Tuesday, March 13, 2012

New law saves taxpayers millions on sex offender costs

A new reform will crack down on what The Olympian called “runaway legal costs for violent sex offenders.”

Loopholes in the legal system allowed court cases to drag on for years, with an average cost of $39,000 per inmate every year.

Special Commitment Center, McNeil Island
Photo credit: DSHS
Lawmakers worked together to fix the system with Senate Bill 6493, which is estimated to save taxpayers $1.8 million per year on legal fees for the 280 sexual predators locked up at the Special Commitment Center on McNeil Island.

Now, these aren’t regular inmates, filing lawsuits that the state is somehow paying for out of taxpayer’s pockets.

McNeil Island is a special case, because these sex predators have served their sentences and are now confined on the island because they’ve been ruled a continued threat to society and not ready for release.

So they have legal rights, and it’s important for the state to handle court questions right – because if we don’t, these violent predators will win their cases and get out. They’ll be back in our communities and at high risk to re-offend.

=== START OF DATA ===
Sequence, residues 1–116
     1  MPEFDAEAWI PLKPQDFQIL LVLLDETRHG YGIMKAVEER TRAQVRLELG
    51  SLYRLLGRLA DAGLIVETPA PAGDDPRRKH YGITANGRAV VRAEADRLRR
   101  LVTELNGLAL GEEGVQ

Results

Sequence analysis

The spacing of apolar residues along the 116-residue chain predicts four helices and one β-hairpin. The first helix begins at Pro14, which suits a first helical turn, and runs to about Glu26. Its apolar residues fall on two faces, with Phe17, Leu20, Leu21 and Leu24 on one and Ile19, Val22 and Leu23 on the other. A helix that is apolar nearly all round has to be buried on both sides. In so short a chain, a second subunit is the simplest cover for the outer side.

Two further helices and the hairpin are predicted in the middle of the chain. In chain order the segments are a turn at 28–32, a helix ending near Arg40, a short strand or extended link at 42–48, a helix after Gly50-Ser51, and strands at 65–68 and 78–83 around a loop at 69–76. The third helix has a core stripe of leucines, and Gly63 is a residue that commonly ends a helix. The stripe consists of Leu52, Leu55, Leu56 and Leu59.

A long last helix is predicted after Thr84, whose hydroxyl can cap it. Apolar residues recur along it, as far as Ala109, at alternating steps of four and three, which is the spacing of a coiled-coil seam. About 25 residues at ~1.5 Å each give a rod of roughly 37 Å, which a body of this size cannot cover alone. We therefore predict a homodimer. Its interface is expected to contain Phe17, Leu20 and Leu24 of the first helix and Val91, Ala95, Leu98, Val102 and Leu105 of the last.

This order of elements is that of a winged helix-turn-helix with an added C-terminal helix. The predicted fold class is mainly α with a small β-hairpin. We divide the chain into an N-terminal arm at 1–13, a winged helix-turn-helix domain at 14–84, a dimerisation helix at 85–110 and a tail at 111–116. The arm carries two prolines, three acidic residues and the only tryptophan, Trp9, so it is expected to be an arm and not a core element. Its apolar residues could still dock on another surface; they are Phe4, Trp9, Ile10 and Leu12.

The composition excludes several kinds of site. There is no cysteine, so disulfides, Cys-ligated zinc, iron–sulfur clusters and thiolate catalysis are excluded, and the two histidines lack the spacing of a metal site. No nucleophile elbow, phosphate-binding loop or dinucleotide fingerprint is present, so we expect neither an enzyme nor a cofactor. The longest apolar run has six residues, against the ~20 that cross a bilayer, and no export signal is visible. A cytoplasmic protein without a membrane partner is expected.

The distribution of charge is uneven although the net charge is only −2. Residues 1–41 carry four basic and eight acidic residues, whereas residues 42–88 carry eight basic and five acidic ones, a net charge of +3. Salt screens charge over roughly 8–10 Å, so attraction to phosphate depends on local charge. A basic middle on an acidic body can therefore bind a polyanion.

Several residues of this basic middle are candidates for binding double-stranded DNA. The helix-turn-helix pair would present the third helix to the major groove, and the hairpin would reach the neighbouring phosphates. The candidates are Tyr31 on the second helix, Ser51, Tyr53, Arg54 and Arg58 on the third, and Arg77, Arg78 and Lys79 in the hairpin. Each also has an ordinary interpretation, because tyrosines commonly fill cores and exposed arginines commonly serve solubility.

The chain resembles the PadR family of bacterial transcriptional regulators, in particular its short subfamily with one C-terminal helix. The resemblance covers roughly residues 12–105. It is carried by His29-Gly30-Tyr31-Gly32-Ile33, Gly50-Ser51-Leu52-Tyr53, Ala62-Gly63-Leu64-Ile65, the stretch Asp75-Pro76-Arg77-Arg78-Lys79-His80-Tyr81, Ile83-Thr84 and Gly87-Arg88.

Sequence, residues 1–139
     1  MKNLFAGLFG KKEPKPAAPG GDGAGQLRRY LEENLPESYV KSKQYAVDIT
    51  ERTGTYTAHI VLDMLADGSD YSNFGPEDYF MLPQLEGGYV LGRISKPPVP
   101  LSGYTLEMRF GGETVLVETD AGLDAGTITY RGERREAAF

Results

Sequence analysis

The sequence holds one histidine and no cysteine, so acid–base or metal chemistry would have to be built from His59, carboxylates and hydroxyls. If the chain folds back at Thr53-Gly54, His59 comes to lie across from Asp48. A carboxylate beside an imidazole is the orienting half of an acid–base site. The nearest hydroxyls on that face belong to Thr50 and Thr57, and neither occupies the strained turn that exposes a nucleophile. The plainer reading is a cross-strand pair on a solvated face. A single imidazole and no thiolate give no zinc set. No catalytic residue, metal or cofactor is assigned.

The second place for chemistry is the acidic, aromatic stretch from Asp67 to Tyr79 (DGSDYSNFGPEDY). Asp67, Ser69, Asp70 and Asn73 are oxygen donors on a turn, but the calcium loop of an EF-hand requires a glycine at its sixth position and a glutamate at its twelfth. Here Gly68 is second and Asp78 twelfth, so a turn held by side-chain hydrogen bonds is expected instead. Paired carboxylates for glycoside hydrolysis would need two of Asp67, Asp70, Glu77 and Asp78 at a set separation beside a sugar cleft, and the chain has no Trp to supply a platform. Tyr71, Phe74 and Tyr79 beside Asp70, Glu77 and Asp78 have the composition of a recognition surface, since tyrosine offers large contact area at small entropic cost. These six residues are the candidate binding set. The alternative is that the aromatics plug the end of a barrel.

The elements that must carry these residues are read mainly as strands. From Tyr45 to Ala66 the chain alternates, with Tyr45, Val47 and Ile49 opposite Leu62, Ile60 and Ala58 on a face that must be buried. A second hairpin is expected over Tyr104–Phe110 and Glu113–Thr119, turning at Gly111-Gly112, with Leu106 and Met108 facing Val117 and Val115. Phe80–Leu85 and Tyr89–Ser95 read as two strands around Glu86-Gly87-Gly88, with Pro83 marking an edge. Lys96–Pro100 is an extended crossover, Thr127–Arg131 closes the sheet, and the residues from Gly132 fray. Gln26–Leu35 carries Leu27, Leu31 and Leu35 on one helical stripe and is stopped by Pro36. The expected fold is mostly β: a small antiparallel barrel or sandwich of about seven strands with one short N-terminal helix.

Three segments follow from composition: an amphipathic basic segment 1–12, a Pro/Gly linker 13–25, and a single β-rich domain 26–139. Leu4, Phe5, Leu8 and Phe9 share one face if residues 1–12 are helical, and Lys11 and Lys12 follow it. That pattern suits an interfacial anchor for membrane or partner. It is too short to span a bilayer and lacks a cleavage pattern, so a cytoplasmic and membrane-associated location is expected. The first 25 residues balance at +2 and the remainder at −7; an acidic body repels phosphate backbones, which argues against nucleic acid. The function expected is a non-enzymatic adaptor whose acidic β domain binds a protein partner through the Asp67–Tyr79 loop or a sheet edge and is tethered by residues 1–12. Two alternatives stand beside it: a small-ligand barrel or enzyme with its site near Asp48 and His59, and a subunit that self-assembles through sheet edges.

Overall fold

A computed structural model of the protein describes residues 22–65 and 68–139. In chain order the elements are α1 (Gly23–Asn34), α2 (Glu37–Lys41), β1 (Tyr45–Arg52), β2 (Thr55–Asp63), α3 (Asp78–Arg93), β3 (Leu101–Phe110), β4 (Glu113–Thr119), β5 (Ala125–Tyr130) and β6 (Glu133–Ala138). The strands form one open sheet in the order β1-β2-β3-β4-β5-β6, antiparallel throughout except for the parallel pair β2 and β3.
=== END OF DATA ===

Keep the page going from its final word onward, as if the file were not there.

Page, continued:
The new law balances the need to handle court cases correctly – and keep violent sex offenders away from our kids and families – while ending a payment system that was out of control.

Here’s what The Olympian said about the details in the new reform:
 Among other things, the legislation:

• Creates yearly contracts with about two dozen attorneys statewide to provide legal services for sexual offenders. The contracts will replace costly hourly billing by defense attorneys, fees that were hard to track and contain.
Hourly billing was also a disincentive to bring cases to the courtroom in a timely manner. It is not unusual for continuances and delays on civil commitment trials to drag on for years. These types of delays are costly to taxpayers and clog up the court system.
• Transfers the legal costs from the state Department of Social and Health Services to the state Office of Public Defense, which should improve fiscal accountability for the program.
Under the old system, DSHS paid the fees for attorneys and expert witnesses, but had little control over the expenditures, which were authorized by judges and a maze of local officials before they reached the state agency.
In another cost-savings move, the cost of prosecuting the offenders, including state psychological evaluations, will move to the state Attorney General’s Office from DSHS. Again, this should provide better fiscal control over costs.
The changes in the process for both prosecuting and defending sexual predators was long overdue. Legal costs were averaging about $39,000 per year per offender.
That was an outrageous cost born by taxpayers, a cost that should drop significantly with unanimous passage of Senate Bill 6493.

Read the whole editorial here
Aerial view of McNeil Island
Photo credit: Dept. Of Corrections
To read this post in Spanish, click here.